Marine mammals (including whales) will be monitored for any signs of disturbance. The survey operator will also be in regular contact with officers from the Department of Environment, Land, Water and Planning (DELWP) to identify areas being used by whales at the time of planned over-water flights and agree on suitable mitigation measures.
Birds are not expected to be unduly affected by the survey due to the transient nature and 150 metre altitude of the aircraft. Locations with known concentrations of birds such as the Gannet colonies on Lawrence Rocks, Point Danger near Portland and birds in other wetland areas will be highlighted in the project’s safety plan. The flight crew will report any brolga sightings to DELWP.
No. The only potential impact identified is from aircraft noise, which is transient and less than the noise of a passing motorbike. The planes will be traveling at approximately 220 km per hour (or 62 metres per second) and most areas on the flight path will only be flown over once.
There will be no impact on fishing or farming activities.
Survey results and privacy
The findings from the airborne gravity survey will complement a range of other scientific data (such as mapping, lab analysis, groundwater testing, drilling, seismic data) to enable a more thorough understanding of the subsurface. This survey has applications in natural resource management, land use planning, geothermal energy, underground gas storage potential and geological knowledge in general.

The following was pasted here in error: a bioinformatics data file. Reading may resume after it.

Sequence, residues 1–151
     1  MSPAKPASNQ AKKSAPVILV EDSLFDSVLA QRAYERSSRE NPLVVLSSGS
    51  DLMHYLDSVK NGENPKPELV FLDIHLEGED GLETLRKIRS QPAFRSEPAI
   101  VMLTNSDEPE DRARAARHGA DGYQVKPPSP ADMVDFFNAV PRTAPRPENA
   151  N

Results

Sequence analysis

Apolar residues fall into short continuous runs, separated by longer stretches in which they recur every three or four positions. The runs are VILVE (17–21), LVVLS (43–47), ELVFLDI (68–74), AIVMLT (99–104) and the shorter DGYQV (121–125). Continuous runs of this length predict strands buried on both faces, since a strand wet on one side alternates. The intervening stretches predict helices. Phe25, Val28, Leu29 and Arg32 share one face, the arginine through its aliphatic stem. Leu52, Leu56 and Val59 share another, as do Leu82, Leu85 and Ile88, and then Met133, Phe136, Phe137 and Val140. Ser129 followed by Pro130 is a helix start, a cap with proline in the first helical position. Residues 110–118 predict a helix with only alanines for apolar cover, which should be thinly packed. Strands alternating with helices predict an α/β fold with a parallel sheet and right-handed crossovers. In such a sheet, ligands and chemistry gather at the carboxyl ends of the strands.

The data collected from this survey will be used by geologists to map rocks underground and help refine geological models of the Otway Basin (offshore, nearshore and onshore).
Geological modelling is a key tool to help inform future approaches to managing our natural gas resources.
Gravity and topography data collected during the survey do not provide any information about personal land use. The aircraft will acquire video data, which is of similar or lower resolution than Google Earth imagery.
This data will not be released to the public and does not provide any specific information about personal land use.
The data will be publicly released as soon as it is processed and final products have been completed. This will take several months and products are expected to be available on the Victorian Gas Program website in the first half of 2019.
The results of the survey will not directly detect the presence of gas.
The findings will greatly improve our understanding of the geology in the region.
To determine the locations of prospective and non-prospective areas for gas discoveries, geoscientists will assess the findings from the airborne gravity survey along with many other scientific and environmental studies (such as mapping, lab analysis, groundwater testing, drilling, seismic data) to enable a more thorough understanding of the subsurface.
No. Fracking to extract onshore unconventional gas is permanently banned in Victoria under the Resources Legislation Amendment (Fracking Ban) Act 2017. This decision was made for the protection of agriculture, the environment and regional communities.
Visit the Victorian Gas Program page for more information.
Page last updated: 13 Jul 2022